Why I Bike to Work, Part 3
First, here’s a list of gear I had to get to start. Since I already had some of the items I’m like the bicycle, helmet, and backpack I’m going to focus on the incremental items. But just for background I bought the bike nine years ago for $900, and the helmet and backpack ran about $75 for both. So I had already spent about $1,000 for recreation that I can now also use for commuting.
The incremental items were as follows:
So my additional cost was about $300. With a two mile commute I’d be driving about 20 miles a week or 1,000 miles a year. Assuming my car gets 20 mpg on such a short commute (fuel economy would improve a little on a longer commute – I’d get about 23 mpg around town), and fuel at $3 per gallon, it would cost about $150 a year in fuel. After two years of biking to work I would finally break even.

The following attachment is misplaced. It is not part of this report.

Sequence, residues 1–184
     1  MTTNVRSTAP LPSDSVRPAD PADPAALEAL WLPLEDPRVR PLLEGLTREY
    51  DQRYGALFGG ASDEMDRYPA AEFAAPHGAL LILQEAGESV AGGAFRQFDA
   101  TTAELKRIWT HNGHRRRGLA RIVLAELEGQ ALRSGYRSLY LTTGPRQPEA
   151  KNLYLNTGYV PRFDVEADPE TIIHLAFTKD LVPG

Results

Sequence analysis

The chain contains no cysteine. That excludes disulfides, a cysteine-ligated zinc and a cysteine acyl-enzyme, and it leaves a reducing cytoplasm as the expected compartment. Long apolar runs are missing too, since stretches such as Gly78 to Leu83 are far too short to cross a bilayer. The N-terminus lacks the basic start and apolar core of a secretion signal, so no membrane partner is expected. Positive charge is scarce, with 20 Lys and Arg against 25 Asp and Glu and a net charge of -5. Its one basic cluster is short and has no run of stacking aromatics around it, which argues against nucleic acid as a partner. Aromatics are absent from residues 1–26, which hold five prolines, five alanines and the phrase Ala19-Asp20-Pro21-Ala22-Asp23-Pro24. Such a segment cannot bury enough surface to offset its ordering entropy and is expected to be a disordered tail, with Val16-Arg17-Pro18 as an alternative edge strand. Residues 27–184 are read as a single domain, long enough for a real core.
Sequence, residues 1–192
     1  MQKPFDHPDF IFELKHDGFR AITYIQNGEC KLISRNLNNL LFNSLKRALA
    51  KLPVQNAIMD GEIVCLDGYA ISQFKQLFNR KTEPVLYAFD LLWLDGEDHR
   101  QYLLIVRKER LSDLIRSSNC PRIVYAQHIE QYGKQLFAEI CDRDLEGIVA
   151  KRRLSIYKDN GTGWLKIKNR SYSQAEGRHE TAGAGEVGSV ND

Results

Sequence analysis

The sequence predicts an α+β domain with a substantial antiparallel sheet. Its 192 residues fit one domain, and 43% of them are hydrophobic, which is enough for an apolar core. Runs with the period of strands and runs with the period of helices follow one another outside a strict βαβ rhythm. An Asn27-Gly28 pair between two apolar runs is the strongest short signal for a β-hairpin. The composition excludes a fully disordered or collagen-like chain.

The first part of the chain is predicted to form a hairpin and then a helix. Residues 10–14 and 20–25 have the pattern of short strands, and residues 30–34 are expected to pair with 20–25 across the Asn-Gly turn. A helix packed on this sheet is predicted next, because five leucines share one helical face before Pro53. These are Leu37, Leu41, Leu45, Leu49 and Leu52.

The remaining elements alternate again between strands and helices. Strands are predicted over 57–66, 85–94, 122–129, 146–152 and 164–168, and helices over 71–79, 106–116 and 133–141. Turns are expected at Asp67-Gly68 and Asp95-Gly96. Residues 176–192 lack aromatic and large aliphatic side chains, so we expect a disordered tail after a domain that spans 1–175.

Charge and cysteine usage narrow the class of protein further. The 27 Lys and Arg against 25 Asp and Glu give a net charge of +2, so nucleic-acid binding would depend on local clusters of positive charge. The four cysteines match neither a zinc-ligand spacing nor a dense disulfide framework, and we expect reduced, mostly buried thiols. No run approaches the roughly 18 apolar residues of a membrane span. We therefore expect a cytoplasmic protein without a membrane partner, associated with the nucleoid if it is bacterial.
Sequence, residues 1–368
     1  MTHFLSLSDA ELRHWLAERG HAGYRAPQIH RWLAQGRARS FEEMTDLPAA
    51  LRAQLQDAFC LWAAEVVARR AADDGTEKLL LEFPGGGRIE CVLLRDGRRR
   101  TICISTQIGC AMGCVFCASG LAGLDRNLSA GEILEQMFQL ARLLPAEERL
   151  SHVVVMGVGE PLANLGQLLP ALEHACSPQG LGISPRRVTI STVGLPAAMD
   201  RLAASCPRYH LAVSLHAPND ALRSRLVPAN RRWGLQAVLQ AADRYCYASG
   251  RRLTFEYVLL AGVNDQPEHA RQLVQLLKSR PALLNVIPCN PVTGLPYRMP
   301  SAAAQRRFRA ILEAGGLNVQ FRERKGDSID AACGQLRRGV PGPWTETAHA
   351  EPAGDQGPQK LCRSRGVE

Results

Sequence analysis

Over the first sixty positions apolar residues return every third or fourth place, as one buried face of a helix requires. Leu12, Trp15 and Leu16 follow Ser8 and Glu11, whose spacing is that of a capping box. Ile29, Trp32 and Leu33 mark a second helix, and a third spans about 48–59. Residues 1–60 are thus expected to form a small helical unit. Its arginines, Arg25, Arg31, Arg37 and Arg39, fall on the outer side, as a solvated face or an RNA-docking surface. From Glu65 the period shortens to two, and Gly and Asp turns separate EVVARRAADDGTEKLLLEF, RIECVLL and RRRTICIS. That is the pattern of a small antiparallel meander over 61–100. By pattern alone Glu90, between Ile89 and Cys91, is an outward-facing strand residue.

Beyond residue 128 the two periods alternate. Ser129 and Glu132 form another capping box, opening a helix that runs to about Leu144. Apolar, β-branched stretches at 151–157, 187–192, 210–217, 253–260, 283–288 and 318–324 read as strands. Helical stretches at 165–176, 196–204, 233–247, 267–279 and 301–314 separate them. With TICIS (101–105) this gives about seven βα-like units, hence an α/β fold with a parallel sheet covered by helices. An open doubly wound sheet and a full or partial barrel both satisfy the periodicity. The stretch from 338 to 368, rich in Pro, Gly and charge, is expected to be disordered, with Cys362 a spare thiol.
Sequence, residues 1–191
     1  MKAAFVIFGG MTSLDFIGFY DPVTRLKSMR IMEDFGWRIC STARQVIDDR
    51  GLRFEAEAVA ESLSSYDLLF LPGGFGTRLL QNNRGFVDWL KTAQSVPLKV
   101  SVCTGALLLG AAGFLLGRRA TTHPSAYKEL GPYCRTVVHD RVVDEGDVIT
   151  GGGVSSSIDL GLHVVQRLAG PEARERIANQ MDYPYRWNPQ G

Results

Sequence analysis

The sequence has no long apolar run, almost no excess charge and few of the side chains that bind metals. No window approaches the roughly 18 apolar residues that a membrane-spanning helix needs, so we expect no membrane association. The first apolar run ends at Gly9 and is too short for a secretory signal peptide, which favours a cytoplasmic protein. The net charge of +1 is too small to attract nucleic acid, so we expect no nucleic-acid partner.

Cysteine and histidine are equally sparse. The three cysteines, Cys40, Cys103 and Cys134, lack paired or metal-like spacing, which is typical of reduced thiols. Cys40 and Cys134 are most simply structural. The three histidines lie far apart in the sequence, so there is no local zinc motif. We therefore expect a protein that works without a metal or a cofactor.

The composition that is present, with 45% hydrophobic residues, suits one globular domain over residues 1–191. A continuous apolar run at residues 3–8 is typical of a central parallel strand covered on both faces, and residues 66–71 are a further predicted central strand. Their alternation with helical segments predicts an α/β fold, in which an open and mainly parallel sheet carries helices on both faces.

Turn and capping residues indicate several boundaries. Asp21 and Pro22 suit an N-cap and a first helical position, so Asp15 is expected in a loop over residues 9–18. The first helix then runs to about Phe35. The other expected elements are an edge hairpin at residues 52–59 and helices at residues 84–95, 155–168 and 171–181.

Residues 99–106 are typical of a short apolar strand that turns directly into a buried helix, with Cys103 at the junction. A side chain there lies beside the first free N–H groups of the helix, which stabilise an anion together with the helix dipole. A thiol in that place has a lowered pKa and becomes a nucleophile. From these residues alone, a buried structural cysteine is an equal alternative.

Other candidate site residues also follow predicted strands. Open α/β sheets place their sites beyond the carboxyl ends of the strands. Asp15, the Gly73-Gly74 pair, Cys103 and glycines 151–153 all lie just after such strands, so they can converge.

But that doesn’t account for parking ($100/month pre-tax, so say $70/month net), maintenance and other expenses with the car, nor does it account for bicycle maintenance (which, by the way is negligible). From a financial standpoint though, it’s not like I’m saving a lot of money one way or the other if I don’t park in the office garage. If I did though it would be an extra $840 per year. So I’m easily saving several hundred a year compared to garage parking.
More importantly though, I get an additional 1,000 miles a year of bicycle riding (exercise), don’t have to look for or pay for parking. I also save 10 minutes a day in walking to and from the car (33 hours/year at 200 work days) compared to street parking. Granted that’s exercise too, but I like biking better and it’s more vigorous.
In a nutshell, biking to work has been good in every way now that I have that choice. In my case, it costs less than driving, gets me to work sooner, causes far less stress and hassle, is great exercise, and is do-able year round. Oh, and I also happen to like where I live now much more than before. So I would definitely recommend considering it.